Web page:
Sunday, February 19, 2017







Press Statement by M Kula Segaran, DAP National Vice Chairman and MP for Ipoh Barat in Ipoh on 18thFebruary, 2017

Police custodial deaths – Cabinet should immediately set up the much delayed IPCMC

On January15, a detainee named Soh Kai Chiok died at the lock-up of the Bera district police headquarters 
Bera district police chief DSP Mansor Samsudin said that the victim was taken to the Triang Health Clinic and was referred to the Sultan Haji Ahmad Shah Hospital (HOSHAS) in Temerloh. He also said that all lock-up procedures were adhered to in giving the victim his medication, food and drinks as well as seeing that he slept on time.

However, the questions which have arisen are why then Soh had become unconscious and died in the lock up? If he had fallen seriously ill, surely he should have been admitted at a hospital.

Last month High Court judge Justice S. Nantha Balan, in his 86 page judgment, said that lorry driver P Chandran died in custody in 2012 simply because the police did not observe the Lock Up rules 1953.
The judge said under the rules, it was clear that the police must attend to the sick and in particular, when a detainee suffered from any form of mental illness.

The judge pointed out that police were aware Chandran was ill and needed to take medication.
It is so shocking that a life was lost because of the failure of the most irresponsible investigating officer to follow the rules.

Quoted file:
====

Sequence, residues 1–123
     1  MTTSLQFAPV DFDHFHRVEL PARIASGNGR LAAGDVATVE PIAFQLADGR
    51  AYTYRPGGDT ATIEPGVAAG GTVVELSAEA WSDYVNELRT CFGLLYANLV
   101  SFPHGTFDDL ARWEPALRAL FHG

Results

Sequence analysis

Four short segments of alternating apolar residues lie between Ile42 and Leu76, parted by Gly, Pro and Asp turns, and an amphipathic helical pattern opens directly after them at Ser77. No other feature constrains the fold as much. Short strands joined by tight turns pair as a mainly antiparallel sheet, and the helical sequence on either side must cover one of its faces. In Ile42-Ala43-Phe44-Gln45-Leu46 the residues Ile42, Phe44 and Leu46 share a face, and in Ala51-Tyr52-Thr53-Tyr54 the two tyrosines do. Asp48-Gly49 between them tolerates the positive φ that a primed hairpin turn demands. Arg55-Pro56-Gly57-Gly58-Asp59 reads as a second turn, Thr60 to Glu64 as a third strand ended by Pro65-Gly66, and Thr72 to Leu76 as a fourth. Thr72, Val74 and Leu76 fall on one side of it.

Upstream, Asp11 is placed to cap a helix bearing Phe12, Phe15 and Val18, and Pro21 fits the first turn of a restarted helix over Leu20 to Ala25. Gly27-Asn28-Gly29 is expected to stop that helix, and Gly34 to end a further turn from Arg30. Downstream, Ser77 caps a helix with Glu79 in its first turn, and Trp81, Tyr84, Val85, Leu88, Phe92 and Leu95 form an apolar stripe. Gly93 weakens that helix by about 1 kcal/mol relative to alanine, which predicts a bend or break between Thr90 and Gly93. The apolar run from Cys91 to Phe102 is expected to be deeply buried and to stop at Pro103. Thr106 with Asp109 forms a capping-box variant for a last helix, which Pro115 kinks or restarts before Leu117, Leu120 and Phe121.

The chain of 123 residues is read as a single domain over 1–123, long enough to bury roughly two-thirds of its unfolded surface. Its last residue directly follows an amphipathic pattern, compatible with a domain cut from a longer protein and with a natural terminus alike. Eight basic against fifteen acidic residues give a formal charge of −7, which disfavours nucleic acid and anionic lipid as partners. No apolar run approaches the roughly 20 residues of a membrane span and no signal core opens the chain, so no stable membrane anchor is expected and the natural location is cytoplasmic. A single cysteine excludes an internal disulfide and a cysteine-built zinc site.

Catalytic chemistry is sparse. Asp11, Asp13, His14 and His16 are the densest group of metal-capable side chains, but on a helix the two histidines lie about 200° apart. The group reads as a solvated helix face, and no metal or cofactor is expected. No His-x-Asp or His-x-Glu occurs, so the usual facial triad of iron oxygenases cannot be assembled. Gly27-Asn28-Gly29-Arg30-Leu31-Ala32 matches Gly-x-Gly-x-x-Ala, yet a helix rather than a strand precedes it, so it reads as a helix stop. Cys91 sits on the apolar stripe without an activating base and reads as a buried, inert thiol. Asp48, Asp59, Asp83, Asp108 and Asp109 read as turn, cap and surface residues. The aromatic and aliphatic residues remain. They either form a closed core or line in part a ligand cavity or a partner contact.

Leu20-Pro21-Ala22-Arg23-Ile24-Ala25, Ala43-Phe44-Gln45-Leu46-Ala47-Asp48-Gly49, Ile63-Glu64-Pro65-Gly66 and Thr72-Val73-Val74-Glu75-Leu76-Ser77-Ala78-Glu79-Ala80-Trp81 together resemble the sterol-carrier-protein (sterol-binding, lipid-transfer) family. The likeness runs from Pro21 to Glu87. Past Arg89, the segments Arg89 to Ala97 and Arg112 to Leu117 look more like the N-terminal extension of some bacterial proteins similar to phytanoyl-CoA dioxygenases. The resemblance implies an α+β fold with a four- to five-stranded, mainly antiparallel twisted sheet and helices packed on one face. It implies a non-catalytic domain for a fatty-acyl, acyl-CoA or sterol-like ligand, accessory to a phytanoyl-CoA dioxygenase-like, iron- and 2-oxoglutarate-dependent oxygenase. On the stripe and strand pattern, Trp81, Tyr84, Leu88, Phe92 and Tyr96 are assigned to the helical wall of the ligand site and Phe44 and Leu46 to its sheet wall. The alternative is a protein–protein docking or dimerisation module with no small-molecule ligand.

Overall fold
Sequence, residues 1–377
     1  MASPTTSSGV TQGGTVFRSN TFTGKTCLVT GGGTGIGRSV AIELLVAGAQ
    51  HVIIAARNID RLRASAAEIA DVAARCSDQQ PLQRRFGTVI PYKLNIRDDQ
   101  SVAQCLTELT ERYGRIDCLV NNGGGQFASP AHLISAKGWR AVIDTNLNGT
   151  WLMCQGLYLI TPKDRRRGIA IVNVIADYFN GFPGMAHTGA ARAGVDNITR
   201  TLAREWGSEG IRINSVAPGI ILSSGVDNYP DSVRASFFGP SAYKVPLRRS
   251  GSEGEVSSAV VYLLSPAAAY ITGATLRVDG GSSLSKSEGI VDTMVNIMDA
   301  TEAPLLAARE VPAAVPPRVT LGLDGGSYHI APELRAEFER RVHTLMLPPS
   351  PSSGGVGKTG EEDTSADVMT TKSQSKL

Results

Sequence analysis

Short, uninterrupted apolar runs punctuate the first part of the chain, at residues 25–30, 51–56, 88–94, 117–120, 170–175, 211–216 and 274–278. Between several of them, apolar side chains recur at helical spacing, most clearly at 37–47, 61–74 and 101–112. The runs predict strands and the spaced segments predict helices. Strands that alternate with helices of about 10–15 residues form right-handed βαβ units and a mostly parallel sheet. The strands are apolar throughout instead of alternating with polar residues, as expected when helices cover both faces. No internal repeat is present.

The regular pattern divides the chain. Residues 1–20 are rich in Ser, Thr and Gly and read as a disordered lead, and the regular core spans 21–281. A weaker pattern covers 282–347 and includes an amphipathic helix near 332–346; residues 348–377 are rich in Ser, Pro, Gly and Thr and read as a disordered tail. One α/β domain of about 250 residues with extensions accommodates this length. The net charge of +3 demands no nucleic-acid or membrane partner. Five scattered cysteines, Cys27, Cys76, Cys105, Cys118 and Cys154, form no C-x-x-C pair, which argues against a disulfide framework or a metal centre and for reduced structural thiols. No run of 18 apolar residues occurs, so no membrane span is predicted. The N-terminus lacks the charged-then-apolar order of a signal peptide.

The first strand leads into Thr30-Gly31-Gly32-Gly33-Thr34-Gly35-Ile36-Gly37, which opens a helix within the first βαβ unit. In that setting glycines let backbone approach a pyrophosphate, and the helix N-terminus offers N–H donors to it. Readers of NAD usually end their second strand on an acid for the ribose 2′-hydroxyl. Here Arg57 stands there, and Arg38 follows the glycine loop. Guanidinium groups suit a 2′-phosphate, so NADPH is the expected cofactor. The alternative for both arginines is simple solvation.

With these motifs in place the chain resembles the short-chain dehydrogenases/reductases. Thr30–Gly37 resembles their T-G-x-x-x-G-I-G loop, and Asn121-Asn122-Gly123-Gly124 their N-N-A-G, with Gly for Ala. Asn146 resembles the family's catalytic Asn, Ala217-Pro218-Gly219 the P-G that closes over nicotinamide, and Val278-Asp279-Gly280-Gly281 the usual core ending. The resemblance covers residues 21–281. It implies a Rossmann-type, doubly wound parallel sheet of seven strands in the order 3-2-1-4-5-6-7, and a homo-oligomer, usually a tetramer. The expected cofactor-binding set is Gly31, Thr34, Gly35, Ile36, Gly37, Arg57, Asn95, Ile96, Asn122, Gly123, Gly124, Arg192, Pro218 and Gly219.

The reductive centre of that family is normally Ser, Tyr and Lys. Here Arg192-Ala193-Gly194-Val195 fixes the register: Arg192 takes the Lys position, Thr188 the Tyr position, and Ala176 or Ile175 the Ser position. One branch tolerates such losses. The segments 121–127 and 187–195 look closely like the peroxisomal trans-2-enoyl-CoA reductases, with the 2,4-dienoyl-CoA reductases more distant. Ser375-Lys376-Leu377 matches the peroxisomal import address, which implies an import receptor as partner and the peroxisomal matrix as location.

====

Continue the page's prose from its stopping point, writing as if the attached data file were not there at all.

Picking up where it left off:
Balamurugan, 44, was arrested on Feb 6 this year and brought to court for a remand order the following day. The magistrate rejected the remand order but the police did not release Balamurugan. Police personnel found him dead in the early hours of Feb 8 at North Klang Police headquarters
The Malaysian Human Rights Commission has said there are concerns that the police had breached the standard operating procedure by, among other things, keeping Balamurugan in the lock-up instead of providing him medical treatment when he was visibly ill.

According to my colleague, MP for Klang Charles Santiago, since 2000, 242 people walked into police lock-ups alive but left in body bags. This is according to Malaysia's National Human Rights Commission (Suhakam).S Balamurugan is number 243.

This is most shocking and totally unacceptable. Yet today it is most disappointing that the Home Minister Datuk Seri Zahid Hamidi and the Cabinet have maintained their “elegant silence” when they should have expressed their utmost immediate outrage and concern.
 
A responsible Cabinet cannot and must not treat the police custodial deaths as trivial matters. Every human life is important and is not a mere statistic when a life is lost.
 
The Cabinet should come up with urgent response to end criminal custodial deaths.
We will continue to raise for the urgent setting up of IPCMC when Parliament reconvenes on 6th march 2017
 
It must exercise the political will to set up the much delayed Independent Police Complaints and Misconduct Commission (IPCMC). 

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